The 4 most important people to know when home buying

1. The Person Who Approves the Loan

One of the first people you’ll need to work with is a mortage lender. This is the person who helps you understand the ins and outs of getting a loan, as well as any requirements or conditions. 

Before speaking with the loan officer, however, you may want to estimate what a monthly mortgage payment may look like, which you can do with a simple mortgage calculator. 

Remember: Getting pre-approved for a mortgage before looking at properties gives you a more realistic expectation of what you can afford. But it’s up to you to account for your own personal budget and living expenses.

You can get mortgage pre-approval from a traditional lender, such as a bank and credit union, or by working with a mortgage broker who acts as an intermediary between you and the lender. Mortgage brokers negotiate mortgage terms and rates on your behalf, and usually work with dozens of different lenders, including mortgage finance companies. Their fees are paid by the lender when your mortgage is signed.

2. Next Up: The Person Who Finds the Home

A real estate agent is usually the first person that most people speak to during the homebuying process. A professional REALTOR® has the training and the resources to help you find the right home and location for you based on your needs and wants.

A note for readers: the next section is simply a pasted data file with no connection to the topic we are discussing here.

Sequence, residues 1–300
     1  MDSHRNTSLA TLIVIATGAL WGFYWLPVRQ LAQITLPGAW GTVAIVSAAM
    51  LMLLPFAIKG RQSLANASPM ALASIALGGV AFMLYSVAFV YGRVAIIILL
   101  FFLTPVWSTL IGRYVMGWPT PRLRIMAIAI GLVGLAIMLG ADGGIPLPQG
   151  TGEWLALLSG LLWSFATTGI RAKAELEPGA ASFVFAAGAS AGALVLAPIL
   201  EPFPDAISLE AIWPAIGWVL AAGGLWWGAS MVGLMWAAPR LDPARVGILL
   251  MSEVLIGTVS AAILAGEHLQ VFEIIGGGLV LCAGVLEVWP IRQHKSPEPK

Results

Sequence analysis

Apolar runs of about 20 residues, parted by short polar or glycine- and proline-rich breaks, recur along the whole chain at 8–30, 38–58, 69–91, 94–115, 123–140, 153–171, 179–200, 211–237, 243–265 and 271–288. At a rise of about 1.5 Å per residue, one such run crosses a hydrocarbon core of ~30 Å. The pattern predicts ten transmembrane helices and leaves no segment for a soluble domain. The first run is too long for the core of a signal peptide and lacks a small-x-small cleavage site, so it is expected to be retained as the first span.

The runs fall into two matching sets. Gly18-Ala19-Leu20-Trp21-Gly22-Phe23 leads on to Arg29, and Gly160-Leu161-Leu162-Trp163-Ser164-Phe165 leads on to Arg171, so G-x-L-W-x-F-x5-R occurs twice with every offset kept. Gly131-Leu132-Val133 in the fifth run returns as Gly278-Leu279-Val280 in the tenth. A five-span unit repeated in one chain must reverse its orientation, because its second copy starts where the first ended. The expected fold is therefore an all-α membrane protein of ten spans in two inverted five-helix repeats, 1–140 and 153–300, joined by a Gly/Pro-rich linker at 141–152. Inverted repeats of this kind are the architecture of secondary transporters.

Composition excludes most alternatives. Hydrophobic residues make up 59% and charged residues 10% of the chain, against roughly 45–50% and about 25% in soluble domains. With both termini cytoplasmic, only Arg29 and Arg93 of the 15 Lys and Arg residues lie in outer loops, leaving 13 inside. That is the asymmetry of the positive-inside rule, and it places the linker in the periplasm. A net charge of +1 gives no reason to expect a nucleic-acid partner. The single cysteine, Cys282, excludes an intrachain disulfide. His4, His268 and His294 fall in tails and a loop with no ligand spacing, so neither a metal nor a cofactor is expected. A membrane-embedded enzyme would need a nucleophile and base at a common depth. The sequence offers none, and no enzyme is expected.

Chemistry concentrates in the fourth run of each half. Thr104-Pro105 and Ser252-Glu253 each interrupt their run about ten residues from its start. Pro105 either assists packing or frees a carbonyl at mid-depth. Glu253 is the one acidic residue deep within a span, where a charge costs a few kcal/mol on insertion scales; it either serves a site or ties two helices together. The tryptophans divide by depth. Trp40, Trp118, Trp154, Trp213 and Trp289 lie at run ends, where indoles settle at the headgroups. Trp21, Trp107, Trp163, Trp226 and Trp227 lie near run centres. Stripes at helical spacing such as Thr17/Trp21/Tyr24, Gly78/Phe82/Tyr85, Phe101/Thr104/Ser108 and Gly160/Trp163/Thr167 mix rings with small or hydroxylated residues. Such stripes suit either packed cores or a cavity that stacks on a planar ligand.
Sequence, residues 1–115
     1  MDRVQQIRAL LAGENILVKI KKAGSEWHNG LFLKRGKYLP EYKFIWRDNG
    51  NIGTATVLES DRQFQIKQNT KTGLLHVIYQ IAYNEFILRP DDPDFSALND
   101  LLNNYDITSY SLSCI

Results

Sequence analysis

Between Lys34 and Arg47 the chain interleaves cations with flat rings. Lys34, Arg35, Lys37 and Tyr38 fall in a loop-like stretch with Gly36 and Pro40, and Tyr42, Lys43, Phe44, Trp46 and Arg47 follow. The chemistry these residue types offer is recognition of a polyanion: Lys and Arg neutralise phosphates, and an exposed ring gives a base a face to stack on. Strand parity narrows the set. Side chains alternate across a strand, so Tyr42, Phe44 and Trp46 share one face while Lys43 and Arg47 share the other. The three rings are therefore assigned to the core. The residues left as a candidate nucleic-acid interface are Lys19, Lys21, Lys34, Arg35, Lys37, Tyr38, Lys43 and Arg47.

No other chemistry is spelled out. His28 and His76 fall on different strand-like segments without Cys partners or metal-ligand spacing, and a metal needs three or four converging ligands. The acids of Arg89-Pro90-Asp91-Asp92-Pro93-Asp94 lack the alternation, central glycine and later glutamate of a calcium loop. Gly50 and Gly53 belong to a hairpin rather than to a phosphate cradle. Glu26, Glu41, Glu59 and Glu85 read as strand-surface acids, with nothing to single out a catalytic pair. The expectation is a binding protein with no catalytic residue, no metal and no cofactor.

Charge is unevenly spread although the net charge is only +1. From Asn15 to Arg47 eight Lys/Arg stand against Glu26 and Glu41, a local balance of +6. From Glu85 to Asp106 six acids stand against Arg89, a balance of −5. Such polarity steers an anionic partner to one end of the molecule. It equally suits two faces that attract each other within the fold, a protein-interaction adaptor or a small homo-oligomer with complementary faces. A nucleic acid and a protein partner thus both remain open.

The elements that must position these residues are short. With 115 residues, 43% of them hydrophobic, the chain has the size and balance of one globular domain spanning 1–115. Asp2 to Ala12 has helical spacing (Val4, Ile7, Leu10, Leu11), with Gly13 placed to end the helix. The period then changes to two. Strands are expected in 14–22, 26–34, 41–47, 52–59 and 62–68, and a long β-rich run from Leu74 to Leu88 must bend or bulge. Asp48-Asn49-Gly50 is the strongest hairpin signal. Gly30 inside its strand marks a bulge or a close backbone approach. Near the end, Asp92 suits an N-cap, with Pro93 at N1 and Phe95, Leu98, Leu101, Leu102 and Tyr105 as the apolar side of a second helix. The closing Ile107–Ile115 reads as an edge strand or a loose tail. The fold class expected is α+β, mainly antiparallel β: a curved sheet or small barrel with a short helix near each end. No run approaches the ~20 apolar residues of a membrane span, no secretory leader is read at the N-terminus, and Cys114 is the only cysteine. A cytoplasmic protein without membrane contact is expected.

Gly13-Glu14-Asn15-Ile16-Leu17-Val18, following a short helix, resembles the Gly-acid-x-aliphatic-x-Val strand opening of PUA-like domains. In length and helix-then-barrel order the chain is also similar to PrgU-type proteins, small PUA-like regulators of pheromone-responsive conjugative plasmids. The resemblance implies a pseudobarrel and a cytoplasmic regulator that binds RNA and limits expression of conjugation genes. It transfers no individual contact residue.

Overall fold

When you begin your home search, you might start with an online search. While sites such as provide formatted data on available properties, a REALTOR® will have access to the latest information and can provide any updates or correct misinformation found online.

A REALTOR® can work on your behalf or on behalf of the seller. When you’re buying a home, it’s important to work with a buyer’s agent, whose responsibility is to you, not the seller. 

You should ask the agent all the questions that are important to you — how much other homes in the area recently sold for, how long those homes were on the market, and any other questions that might help you make an informed decision.

While searching for a home, you can also get a sense for what types of events and activities around your desired areas, all the things that the REALTOR® had a great sense for.

3. Don’t Forget: The Person Who Inspects the Home

While this is optional, hiring a home inspector may give you peace of mind when buying a home. The home inspector will come to check things like structural integrity, plumbing, electrical systems, heating and cooling, the condition of windows, walls, door frames, ceilings, the attic — basically anything that can be seen without going into walls.

4. The Last Stop: Your lawyer

Legal costs cover your lawyers’s fees and may include:

• Reviewing the terms of the offer

• Conducting a title search on the property

• Registering a new title

• Obtaining relevant documents, such as surveys and evidence of liens on the property

• Checking the statement of adjustments for taxes, utility and fuel bills, and other costs that have been pre-paid by the seller at the date of closing